facebook tracking pixel Nevada County: Staffing, service reductions not yet needed | TheUnion.com

Nevada County: Staffing, service reductions not yet needed

John Orona
Staff Writer


Nevada County total operating budget

2010: $185.4 million

2020: $257.9 million

Total property tax revenue

2010: $37.63 million

2020: $46.14 million

Total annual sales tax revenue

2010: $2.72 million

2020: $4.13 million

Total annual Transient Occupancy Tax

2010: $294,851.97

2020: $577,052

Total general fund

2010: $19.67 million

2020: $29.7 million

With the state moving into Stage Two of recovery and allowing more businesses to reopen this week, Nevada County officials say the economic fallout of the COVID-19 pandemic is not expected to bring cuts to county staffing levels or essential services in the near future.

Instead, the county will look to reduce expenditures 5-10% across all departments, Board of Supervisors chairwoman Heidi Hall said, in an attempt to account for a projected 30-40% loss in economic activity dependent tax revenue over the next four to six months.

The county projected 2019-20 sales tax revenue to be more than $4 million, meaning the county could miss out on about $800,000 in revenue over the rest of the year, which according to the budget would fund projects like road engineering, transit services, social services, and health and human services.

According to Chief Fiscal Officer Martin Polt, the county has the ability to approach its immediate economic challenges thoughtfully thanks to disciplined fiscal planning since the Great Recession, including reducing the county’s workforce from 986 full-time equivalent employees in 2007-08 to 801 today.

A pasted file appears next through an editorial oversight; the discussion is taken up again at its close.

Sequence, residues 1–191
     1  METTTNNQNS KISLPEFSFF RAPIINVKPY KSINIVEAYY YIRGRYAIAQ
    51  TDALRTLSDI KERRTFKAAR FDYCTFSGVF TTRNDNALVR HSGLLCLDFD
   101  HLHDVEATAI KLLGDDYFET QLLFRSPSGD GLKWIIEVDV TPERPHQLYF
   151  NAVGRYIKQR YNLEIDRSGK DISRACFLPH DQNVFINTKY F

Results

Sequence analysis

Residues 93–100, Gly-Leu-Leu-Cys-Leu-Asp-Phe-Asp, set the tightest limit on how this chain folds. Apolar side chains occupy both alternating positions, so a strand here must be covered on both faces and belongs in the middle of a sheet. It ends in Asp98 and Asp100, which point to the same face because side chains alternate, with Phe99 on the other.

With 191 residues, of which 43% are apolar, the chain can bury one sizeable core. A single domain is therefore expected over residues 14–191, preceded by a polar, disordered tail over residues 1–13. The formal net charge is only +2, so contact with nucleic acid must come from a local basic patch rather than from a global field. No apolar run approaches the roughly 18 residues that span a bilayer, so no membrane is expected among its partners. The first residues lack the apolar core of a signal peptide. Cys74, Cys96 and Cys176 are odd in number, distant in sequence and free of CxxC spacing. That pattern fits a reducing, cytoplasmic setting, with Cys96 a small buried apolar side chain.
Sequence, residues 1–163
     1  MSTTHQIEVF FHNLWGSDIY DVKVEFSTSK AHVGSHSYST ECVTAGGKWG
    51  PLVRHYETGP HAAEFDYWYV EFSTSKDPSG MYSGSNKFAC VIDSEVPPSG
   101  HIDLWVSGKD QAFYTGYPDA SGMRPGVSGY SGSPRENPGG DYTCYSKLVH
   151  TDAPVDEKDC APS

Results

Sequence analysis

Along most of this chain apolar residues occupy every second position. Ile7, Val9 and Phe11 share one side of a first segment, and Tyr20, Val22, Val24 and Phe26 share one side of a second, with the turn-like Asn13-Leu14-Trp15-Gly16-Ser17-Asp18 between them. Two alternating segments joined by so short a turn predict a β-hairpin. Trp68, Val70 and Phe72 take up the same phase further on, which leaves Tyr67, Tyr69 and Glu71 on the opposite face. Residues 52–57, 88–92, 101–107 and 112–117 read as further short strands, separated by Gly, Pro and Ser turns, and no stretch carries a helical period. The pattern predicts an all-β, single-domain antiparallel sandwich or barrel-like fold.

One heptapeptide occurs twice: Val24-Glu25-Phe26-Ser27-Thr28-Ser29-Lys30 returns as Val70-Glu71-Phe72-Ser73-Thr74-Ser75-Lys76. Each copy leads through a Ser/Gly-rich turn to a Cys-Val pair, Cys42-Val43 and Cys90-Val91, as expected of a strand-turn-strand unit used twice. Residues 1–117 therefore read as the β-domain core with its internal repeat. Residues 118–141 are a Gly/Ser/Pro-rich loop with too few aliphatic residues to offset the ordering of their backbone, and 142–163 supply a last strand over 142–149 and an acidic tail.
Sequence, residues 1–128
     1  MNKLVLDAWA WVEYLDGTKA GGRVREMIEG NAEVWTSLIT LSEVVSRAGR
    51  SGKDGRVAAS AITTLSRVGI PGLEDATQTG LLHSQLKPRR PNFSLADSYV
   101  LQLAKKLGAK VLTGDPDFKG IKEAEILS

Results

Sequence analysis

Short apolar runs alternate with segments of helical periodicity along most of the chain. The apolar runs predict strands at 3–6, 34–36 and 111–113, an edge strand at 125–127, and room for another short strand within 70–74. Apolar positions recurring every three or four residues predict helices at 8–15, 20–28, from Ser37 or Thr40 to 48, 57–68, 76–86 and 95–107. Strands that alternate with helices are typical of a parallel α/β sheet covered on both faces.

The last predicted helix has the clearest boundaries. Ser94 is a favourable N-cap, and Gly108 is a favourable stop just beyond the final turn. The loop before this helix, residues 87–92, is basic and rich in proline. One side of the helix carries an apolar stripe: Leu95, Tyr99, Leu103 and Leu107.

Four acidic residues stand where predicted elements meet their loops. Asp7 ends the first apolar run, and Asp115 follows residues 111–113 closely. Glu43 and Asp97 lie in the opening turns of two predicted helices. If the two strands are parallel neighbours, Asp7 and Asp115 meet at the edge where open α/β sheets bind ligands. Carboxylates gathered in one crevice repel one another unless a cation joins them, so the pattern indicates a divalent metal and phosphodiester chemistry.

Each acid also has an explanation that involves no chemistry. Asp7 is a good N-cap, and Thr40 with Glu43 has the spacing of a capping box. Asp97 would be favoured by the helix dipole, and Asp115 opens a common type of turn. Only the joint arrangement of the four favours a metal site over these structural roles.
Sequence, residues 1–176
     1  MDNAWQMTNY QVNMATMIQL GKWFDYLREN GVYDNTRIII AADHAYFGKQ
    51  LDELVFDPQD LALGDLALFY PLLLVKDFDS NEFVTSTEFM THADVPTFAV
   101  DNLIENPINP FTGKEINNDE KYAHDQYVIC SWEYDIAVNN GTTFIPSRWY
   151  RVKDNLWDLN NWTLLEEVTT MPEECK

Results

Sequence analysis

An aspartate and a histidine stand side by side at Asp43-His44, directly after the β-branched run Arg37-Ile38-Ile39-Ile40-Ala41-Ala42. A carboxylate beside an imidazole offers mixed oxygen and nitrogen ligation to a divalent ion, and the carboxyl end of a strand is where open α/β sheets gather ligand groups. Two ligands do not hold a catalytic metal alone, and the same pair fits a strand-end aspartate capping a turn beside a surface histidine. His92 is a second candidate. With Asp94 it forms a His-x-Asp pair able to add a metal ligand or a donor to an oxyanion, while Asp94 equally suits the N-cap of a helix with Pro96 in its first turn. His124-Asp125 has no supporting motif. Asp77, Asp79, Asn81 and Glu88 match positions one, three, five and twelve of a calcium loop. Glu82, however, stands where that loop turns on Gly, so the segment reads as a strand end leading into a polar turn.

“… the county is anticipating adjustments to expenditures and use of some fund balances that have been built up for these difficult times.” — Martin Polt, Nevada County chief fiscal officer

However, in the last decade the county has increasingly relied on general fund revenue, funded through local taxes, to support critical programs in core departments, budget documents state.

The county is preparing an updated budget that will go before supervisors next month that will address potential shortfalls from the impact of COVID-19.

“During these financially uncertain times and the economic impacts due to the COVID-19 pandemic, the county is anticipating adjustments to expenditures and use of some fund balances that have been built up for these difficult times,” Polt said in a statement.

While in the next two fiscal quarters sales, gas and transient occupancy tax revenue may decline, Polt said pension costs, projected to reach $30 million in the next four years, and the possibility of diminishing property taxes are perilous concerns in the long run.


In the 2019-20 budget, property tax revenues at $46 million accounted for more than 18% of the county’s total funding, the second-largest revenue source next to state and federal allocations.

During the last recession, which officially began December 2007, property tax revenues were not affected immediately, with the county seeing revenues continue to increase until the 2010-11 fiscal year when they fell to $35.13 million from $37.63 million the previous year.

The next year property tax revenues fell 7.5%, resulting in a $5.5 million deficit which led the county to eliminate 32 positions after cutting 64 in the two years before.

According to the California Department of Finance Spring Outlook, in the next year median home prices could fall anywhere from 0.7-5.7%, with the a potential resurgence of COVID-19 cases and consumer confidence being driving variables.

The outlook describes fiscal challenges likely to persist for years, with state deficits projected into 2023-24 even in the most conservative estimates with a full return to economic activity by the end of the summer.